GALLUP NEWS SERVICE
PRINCETON, NJ -- Former President Bill Clinton now has a more favorable image in the eyes of Americans than does his wife, New York Sen. Hillary Clinton, according to a June 23-25 USA Today/Gallup poll. One major reason is the gender gap in views of Hillary Clinton that is not found in ratings of her husband. Men and women have equally favorable views of Bill Clinton, but Hillary Clinton has an image problem among men. Bill Clinton fares better among both Republicans and Democrats.
Clintons' Favorable Ratings
The poll finds that 59% of Americans have a favorable opinion of Bill Clinton, while 37% have an unfavorable opinion. Hillary Clinton's favorable rating is somewhat lower, at 51%, and 44% view her unfavorably. The net positive rating (the percentage favorable minus the percentage unfavorable) is higher for Bill Clinton (22 points) than for Hillary Clinton (7 points).
The latest favorable ratings for Bill Clinton show little change since last fall, and are among the highest Gallup has measured for him since he left the White House in 2001. (The 60% favorable rating in October 2005 was his highest on record since 2001, just one point higher than the current measure.)
During his eight years as president, Clinton's favorable ratings fluctuated broadly between a low point of 42% and a high point of 66%. Clinton's favorable ratings fell below 50% for much of the time after he initially left office, partly attributable to his controversial issuance of pardons in his last days in the White House. His ratings started to improve in 2003.
Hillary Clinton's latest favorable ratings are basically unchanged since last fall (at 51% today, compared with 54% in October 2005). As was true for her husband, Hillary Clinton's ratings varied significantly from 1993 through 2000. Hillary Clinton received her highest favorable rating of 67% in late December 1998, during the Clinton impeachment. Her lowest favorable rating while in the White House was 43% in January 1996.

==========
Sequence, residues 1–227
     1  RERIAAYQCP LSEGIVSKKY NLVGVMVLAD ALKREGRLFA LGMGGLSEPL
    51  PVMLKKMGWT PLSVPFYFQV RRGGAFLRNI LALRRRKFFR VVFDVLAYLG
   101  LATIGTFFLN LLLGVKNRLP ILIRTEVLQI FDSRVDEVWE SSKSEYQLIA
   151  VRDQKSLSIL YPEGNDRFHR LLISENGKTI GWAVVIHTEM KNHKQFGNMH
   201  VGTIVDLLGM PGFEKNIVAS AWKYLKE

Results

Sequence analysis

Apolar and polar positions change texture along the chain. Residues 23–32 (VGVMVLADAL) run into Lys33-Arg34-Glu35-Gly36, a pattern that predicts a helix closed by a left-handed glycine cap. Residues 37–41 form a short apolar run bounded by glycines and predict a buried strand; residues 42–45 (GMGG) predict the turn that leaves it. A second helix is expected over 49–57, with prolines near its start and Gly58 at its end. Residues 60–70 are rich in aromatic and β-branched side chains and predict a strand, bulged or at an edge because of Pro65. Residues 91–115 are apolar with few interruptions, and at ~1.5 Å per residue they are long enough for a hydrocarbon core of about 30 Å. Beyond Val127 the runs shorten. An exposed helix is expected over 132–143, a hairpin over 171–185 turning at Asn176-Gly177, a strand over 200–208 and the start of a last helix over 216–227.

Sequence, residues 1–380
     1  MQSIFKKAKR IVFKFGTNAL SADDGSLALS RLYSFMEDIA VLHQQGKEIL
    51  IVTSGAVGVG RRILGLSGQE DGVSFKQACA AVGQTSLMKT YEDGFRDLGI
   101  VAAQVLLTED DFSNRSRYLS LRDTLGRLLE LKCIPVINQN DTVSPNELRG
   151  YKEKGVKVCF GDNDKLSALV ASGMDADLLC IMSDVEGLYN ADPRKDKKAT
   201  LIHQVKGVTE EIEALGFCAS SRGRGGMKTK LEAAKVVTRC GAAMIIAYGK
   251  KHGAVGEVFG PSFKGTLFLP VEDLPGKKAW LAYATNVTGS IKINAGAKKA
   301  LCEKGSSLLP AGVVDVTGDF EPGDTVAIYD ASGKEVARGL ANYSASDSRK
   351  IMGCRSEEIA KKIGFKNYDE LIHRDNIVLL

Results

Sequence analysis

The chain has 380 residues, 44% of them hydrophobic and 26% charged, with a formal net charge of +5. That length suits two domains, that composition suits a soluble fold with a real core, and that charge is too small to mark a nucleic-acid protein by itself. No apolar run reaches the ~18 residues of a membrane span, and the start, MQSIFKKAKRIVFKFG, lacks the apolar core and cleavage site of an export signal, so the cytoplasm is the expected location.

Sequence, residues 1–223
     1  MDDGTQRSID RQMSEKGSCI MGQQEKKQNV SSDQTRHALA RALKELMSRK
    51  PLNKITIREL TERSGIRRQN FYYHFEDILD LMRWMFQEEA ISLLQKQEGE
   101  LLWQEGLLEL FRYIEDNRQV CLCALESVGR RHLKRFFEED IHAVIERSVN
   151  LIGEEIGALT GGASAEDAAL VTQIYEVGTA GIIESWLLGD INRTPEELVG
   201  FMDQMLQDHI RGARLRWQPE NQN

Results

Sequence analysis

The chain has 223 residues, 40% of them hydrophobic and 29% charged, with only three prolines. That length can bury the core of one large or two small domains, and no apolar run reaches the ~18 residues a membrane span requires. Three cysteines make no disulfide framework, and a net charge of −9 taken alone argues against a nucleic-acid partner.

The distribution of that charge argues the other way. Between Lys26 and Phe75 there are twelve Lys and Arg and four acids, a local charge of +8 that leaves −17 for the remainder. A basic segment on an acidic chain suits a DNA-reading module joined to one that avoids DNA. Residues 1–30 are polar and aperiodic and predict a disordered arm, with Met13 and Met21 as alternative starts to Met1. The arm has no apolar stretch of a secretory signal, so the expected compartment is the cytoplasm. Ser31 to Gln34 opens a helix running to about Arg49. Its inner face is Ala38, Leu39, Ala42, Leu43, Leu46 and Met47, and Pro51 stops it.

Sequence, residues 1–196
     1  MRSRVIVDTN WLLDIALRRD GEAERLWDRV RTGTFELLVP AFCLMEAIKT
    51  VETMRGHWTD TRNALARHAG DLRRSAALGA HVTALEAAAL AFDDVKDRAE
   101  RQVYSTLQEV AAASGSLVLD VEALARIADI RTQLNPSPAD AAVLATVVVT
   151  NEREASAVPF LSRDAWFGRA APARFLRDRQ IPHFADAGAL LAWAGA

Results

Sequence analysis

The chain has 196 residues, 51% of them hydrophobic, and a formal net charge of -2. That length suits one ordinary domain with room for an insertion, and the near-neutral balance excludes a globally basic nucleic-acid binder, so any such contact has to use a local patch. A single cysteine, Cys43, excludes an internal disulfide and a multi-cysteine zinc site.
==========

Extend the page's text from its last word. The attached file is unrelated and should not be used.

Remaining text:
In recent years, Hillary Clinton's favorable ratings have shown only modest fluctuations, ranging between 51% and 56%.
In the years that Gallup has measured opinions of the Clintons, there have been times when Bill Clinton has been viewed more favorably and times when Hillary Clinton has been viewed more favorably.
At the start of Clinton's first term in the White House, both were rated similarly. By 1995, Americans much more positively rated Bill Clinton than Hillary Clinton, most likely resulting from Whitewater and healthcare reform issues. Then, in 1998, likely because of the Monica Lewinsky scandal and impeachment hearings, Americans rated Hillary Clinton more favorably rather than her husband. In the years immediately after leaving office, both have again been rated similarly, but since last fall, Bill Clinton is once again being viewed more favorably than his wife is.
Men and women are equally likely to rate Bill Clinton favorably, but views of Hillary Clinton are much more negative among men than women.
Nearly 6 in 10 men and women say they have a favorable opinion of Bill Clinton, and roughly the same percentage of women (58%) rate Hillary Clinton favorably. Hillary Clinton's problem is with men, who are significantly more negative than positive in their assessment of her, with 43% rating her favorably and 52% unfavorably.
Most Republicans have a negative opinion of both Clintons, and most Democrats have a positive opinion. But, Bill Clinton is rated more favorably than Hillary Clinton among both Republicans and Democrats; roughly the same percentage of independents view the Clintons favorably.
As the graph illustrates, 22% of Republicans rate Bill Clinton favorably, while a slightly lower percentage, 16%, feel this way about Hillary Clinton. Likewise, 88% of Democrats view Bill Clinton favorably, compared with 75% for Hillary Clinton. The favorable ratings among independents for Bill and Hillary Clinton are at 56% and 52%, respectively.
The latest results are based on telephone interviews with a randomly selected national sample of 1,000 adults, aged 18 and older, conducted June 23-25, 2006. For results based on this sample, one can say with 95% confidence that the maximum error attributable to sampling and other random effects is ±3 percentage points. In addition to sampling error, question wording and practical difficulties in conducting surveys can introduce error or bias into the findings of public opinion polls.